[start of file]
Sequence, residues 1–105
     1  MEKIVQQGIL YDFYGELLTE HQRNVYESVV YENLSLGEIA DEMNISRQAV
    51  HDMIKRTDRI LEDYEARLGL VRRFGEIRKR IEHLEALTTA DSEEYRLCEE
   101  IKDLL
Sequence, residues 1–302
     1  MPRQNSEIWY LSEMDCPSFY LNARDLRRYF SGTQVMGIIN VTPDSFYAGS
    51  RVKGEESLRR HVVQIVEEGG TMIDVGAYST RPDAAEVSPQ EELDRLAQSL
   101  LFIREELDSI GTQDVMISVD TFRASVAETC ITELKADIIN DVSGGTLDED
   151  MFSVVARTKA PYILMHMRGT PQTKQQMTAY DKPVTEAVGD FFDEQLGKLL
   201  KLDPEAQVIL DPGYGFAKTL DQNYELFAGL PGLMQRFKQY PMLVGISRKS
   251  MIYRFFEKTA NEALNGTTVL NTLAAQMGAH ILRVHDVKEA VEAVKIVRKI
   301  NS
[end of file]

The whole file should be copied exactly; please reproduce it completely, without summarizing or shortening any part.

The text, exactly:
Sequence, residues 1–105
     1  MEKIVQQGIL YDFYGELLTE HQRNVYESVV YENLSLGEIA DEMNISRQAV
    51  HDMIKRTDRI LEDYEARLGL VRRFGEIRKR IEHLEALTTA DSEEYRLCEE
   101  IKDLL
Sequence, residues 1–302
     1  MPRQNSEIWY LSEMDCPSFY LNARDLRRYF SGTQVMGIIN VTPDSFYAGS
    51  RVKGEESLRR HVVQIVEEGG TMIDVGAYST RPDAAEVSPQ EELDRLAQSL
   101  LFIREELDSI GTQDVMISVD TFRASVAETC ITELKADIIN DVSGGTLDED
   151  MFSVVARTKA PYILMHMRGT PQTKQQMTAY DKPVTEAVGD FFDEQLGKLL
   201  KLDPEAQVIL DPGYGFAKTL DQNYELFAGL PGLMQRFKQY PMLVGISRKS
   251  MIYRFFEKTA NEALNGTTVL NTLAAQMGAH ILRVHDVKEA VEAVKIVRKI
   301  NS